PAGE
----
This practice is for you if you have done all the exercises suggested in the first three modules, but still don’t feel ready to begin the final study: there might be a complex focal area, or some aspect of technique you don’t feel confident about — something you want to practice more before you face the blank canvas of your final study.
In the example I use to illustrate this practice, I’ve chosen the old man’s head and upper body for my “detail study” of Rembrandt’s “The return of the prodigal son”, and there are three reasons for that. The first and the most obvious one is that this face is the focal, and the most challenging, area of the painting; its heart as it were. Secondly, this area gives me opportunity to try my hand at Rembrandt’s virtuoso handling of different textures — his white hair, the variety of fabrics of his clothes (I haven’t even started this part of my study yet…). And finally, it also includes Rembrandt’s darkest darks — something I anticipate I might try to handle in a different way, not quite using his own technique; so, I want to see how this actually works.
In your choice of area for detail study, these reasons might be different; choose an area that feels most challenging to you, where most of your doubts and fears about the final study are concentrated — or where you feel unsure about the technique of paint application. Choose the same type of support (canvas, board, paper) you intend to use for your final study, but a smaller size: it should be enough to paint your focal area only in approximately the same size it will later appear in the context of your final study (in my example, it’s a 24”x18” stretched linen).
And now, just start painting your chosen challenging area on your canvas.
To begin with, consider this practice an opportunity to try out different “starting strategies” I described last week: what will work best for you, and for the masterpiece you have chosen to study? As you will see from my example, these strategies can sometimes be “mixed and matched” on the same canvas.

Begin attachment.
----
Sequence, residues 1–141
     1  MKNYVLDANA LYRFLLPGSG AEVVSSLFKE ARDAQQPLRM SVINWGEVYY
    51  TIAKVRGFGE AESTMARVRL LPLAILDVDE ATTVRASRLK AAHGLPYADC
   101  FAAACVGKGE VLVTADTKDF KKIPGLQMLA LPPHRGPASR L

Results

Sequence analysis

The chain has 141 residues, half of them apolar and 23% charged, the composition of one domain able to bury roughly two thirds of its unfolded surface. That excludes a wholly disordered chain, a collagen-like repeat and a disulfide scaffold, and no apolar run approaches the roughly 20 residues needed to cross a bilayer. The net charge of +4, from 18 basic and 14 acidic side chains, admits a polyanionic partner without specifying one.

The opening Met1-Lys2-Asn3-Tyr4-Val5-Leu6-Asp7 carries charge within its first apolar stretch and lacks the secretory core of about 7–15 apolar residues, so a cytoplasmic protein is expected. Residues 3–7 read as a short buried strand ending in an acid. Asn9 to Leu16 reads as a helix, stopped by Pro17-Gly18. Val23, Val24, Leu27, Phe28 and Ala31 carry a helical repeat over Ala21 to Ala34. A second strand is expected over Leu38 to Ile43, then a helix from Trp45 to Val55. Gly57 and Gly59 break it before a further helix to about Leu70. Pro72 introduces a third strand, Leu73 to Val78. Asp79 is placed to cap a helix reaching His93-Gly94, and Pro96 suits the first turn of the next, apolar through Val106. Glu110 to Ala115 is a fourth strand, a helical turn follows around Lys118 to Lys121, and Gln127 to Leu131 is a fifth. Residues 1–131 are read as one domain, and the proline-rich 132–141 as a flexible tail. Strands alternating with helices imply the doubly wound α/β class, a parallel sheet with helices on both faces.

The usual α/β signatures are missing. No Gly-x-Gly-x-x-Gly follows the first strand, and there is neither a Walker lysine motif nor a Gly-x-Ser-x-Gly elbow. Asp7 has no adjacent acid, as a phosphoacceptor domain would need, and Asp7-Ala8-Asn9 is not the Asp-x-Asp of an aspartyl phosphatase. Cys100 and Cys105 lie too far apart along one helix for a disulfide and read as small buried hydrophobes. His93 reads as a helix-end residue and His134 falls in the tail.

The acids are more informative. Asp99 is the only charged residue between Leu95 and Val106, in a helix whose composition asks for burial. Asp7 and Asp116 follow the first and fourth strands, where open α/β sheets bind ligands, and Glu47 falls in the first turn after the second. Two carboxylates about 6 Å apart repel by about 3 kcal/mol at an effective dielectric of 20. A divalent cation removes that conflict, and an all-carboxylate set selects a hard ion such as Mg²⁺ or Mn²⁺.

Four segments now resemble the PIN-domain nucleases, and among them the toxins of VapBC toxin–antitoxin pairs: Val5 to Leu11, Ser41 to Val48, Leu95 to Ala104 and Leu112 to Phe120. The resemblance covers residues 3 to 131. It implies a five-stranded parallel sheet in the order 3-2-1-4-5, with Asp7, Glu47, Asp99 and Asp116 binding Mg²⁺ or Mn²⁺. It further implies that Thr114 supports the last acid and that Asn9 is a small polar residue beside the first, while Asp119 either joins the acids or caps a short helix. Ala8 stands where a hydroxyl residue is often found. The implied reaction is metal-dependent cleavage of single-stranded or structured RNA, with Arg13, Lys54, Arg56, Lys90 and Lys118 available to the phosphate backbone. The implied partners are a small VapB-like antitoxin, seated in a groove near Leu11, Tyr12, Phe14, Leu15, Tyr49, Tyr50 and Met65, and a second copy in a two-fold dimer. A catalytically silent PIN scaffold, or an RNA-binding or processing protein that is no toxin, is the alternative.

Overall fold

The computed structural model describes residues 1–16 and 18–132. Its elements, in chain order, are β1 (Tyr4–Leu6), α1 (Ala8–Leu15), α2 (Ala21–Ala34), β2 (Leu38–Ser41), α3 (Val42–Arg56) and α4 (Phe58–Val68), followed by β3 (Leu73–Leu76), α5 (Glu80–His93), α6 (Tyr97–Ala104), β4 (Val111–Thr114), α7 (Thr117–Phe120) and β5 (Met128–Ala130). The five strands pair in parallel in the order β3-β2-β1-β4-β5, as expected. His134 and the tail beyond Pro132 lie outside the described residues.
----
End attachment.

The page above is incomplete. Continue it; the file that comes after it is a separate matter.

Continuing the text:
In my detail study, I have started with “Cézanne’s approach”: “brush drawing” with a diluted and greyed down French Ultramarine. I am fairly sure that’s not what Rembrandt did himself, but, as I mentioned, I don’t intend to follow his technique in all its details. I want to try more colour modulations, using more blues instead of pure darkness of darkest areas. It might not work out — but that’s what detail studies are for, after all — to try things that might not work out…
As I described last week, the essence of Cézanne’s approach is to build colour bit by bit, starting with darker areas. That’s why I started with the shadowed side of the face, while the rest of the canvas remained white. One difficulty leaving the white of the canvas so visible — without a coloured ground, without colour block-in — is that this white may confuse the eye, and prevent you from judging colours and values “correctly”. I felt this problem almost right away — especially because Rembrandt’s background is so dark. So I switched the approaches somewhere at this point, and covered the background with a more or less consistent dark (and, later on, the red colour area).
That done, I returned to the face — the most challenging and the most important area of my study. The most important aspect of the process here — something you will need to remind yourself of often — is not to try and paint “the thing” depicted, but just the colour areas you see. In my case, this mistake would be to attempt painting a face — “recruiting”, in a sense, my own knowledge about how old men’s faces “generally” look like, their overall structure, and how these should be represented in a painting (I did slip into this mistake a couple of times in the process, especially when my attention began to dwindle by the end). What one needs to do here is just try and follow the master: paint the colour areas you see, just as you see them, as much as possible without recognising the “objects” (like “nose”, or “eye”, or “eyelid”). There is a special joy in seeing how the illusion of reality “emerges”, as though on its own, even though you were just putting in brushstrokes of colour.
One final note: It might seem that this way of studying in missing the point, because it doesn’t allow for a conscious understanding of how it is done, and so to gain the knowledge to use later in one’s own work. But that’s not the case. For one thing, this conscious understanding happens at some point, but in a different way — through the knowledge of the body, through the movements of the hand. In doing, the body (or, to put it in other terms, the unconscious) learns how such a painting happens — and then, later on, it will emerge in conscious awareness too, but in a deeper way. And most importantly, painting what you see — the colour shapes, not the “things” — is the “secret” of great paintings; you can only see properly when you let go of the need to recognise familiar objects.